Chapter 16 Knowledge-Based Systems TITLE Reporter: MannilouM.Pascua Report No:16
System Analyst User Expert Study the problem domain Step 1. Define the problem Step 2. Specify the rule set Step 3. Need to redesign Test the prototypesystem Step 4. Need to redesign Step 5. Construct the Interface Step 6. Conduct user tests Step 7. Use the system Step 8. Maintain the system Figure 16.10 Prototyping is Incorporated in the Development of an Expert System
Expert System Maintenance An expert system must be maintained just as any other CBIS subsystem, and this is accomplished in Step 8. Changes are made that enable the expert system to reflect the changing nature of the problem domain and to achieve greater efficiency. Sample Expert System Expert system activity in business began in the early 1980s. Since that time, the systems have been developed for a wide variety of application areas. As shown in Figure 16.11, the financial area of the firm has seen the highest level of activity. A sample of such a financial expert system is the credit approval system developed by professors Venkat Srinivasan of North Eastern University ,Boston and Young H, Kim of University of Cincinnati, who were working with a Fortune 500 company, which we will identify as SRR. SRR’s credit policy consists of two activities: (1) setting credit limits for new customers and reviewing them once a year, and (2) handling exceptions on a daily basis. Srinivasan and Kim interviewed credits managers and observed credit analysts making the credit decisions. A senior credit manager served as the expert. The Knowledge Base The knowledge base of the expert system consists of two components: (1) rules that reflect the credit approval logic, and (2) a mathematical model that determines the credit limit. The User Interface As the interface engine proceeds through the rule set in a forward-chaining manner, the credit analyst is asked to make pair wise comparisons. For example, the interface engine might display the prompt: What is the relative importance of Customer Background over Payment Record if the objective is to improve overall credit performances? The credit analyst enters a code that reflects the comparison, and the forward chaining proceeds. When the chaining is completed, the output appears as a series of screens. Expert
Table 16.1 Weightings of the Information Categories The expert system then explains how it arrived at its conclusion. The second screen in Figure 16.13 shows how the Good rating on pay experience was derived. The AHP Intensity Value is a score computed by the mathematical model.
Advantages and Disadvantages of Expert Systems As with all computer applications, expert systems offer some real advantages, but there are also disadvantages. The advantages can accrue to both managers and the firm. The Advantages of Expert Systems to Managers Managers use expert systems with the intention of improving their decision-making. The improvement comes from being able to: Consider More Alternatives. An expert system can enable a manager to consider more alternatives in the process of solving a problem. For example a financial manager who has been able to track the performance of only thirty stocks because of the volume of data that must be considered can track 3000 with the help of an expert system. By being able to consider a greater number of possible investment opportunities, the likelihood of selecting the best ones is increased. Apply a Higher Level of Logic. A manager using an expert system can apply the same logic as that of a leading expert in the field. Devote More Time to Evaluating Decision Results. The manager can obtain advice from the expert system quickly, leaving more time to weigh the possible result before action has to be taken. Make More Consistent Decisions. Once the reasoning is programmed into the computer, the manager knows that the same solution process will be followed for each problem. The Advantages of Expert Systems to the Firm A firm that implements an expert system can expect: Better Performance for the Firm. As the firm’s managers extend their problem-solving abilities through the use of expert systems, the firms control mechanism is improved. The firm is better able to meet its objectives.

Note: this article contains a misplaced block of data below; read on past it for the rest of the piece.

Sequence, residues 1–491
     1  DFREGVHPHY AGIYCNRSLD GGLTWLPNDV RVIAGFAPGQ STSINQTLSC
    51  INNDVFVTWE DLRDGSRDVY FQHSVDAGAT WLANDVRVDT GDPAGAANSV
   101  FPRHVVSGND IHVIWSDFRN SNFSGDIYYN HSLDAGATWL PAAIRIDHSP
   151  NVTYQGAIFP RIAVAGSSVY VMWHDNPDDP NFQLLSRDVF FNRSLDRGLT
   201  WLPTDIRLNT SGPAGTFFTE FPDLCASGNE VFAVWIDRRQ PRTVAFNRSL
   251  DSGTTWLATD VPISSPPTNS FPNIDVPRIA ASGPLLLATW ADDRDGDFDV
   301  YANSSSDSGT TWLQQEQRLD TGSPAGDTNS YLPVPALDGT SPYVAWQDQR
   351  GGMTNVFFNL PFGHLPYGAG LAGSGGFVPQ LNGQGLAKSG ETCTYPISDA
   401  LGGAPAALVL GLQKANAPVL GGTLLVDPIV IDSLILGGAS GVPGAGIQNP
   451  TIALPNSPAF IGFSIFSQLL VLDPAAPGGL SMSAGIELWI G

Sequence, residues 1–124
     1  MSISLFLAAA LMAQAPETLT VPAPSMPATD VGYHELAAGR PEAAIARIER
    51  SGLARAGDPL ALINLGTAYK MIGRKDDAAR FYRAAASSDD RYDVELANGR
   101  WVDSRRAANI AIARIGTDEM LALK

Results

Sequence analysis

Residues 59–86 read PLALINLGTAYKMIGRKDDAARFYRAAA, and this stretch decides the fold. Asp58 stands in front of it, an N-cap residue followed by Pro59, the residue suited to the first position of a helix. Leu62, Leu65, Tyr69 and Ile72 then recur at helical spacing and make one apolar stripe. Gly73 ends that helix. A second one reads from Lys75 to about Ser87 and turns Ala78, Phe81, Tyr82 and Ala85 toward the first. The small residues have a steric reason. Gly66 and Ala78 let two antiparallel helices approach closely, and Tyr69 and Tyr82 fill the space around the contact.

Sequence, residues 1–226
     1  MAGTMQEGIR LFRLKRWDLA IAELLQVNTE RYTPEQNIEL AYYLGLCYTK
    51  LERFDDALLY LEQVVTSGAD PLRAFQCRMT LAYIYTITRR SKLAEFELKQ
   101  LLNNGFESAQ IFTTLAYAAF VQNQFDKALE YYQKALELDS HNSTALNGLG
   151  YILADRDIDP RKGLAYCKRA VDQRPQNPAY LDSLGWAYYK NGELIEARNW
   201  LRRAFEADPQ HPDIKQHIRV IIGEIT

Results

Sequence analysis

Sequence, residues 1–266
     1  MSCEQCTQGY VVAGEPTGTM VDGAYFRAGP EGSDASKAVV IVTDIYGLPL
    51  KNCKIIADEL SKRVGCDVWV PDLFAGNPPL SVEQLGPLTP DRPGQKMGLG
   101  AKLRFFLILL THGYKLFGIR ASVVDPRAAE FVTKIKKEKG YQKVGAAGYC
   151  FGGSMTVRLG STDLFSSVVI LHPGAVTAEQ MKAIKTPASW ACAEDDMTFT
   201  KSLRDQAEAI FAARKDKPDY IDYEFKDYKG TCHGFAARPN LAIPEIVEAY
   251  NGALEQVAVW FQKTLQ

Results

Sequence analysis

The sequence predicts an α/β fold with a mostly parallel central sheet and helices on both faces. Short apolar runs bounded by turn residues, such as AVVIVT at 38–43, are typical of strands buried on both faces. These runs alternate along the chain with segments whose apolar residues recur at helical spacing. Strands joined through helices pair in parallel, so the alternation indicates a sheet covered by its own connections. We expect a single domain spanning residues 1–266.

To Maintain Control over the Firm’s Knowledge. Expert systems afford the opportunity to make the experienced employees’ knowledge more available to newer, less experienced employees and to keep that knowledge in the firm longer---even after the employees have left.
The Disadvantages of Expert Systems Two characteristic of expert systems limit their potential as a business problem-solving tool. First, they cannot handle inconsistent knowledge. This is a real disadvantage because, in business, few things hold true all the time because of the variability in human performance. Second, expert systems cannot apply the judgment and intuition that are important ingredients when solving semi structured or unstructured problems.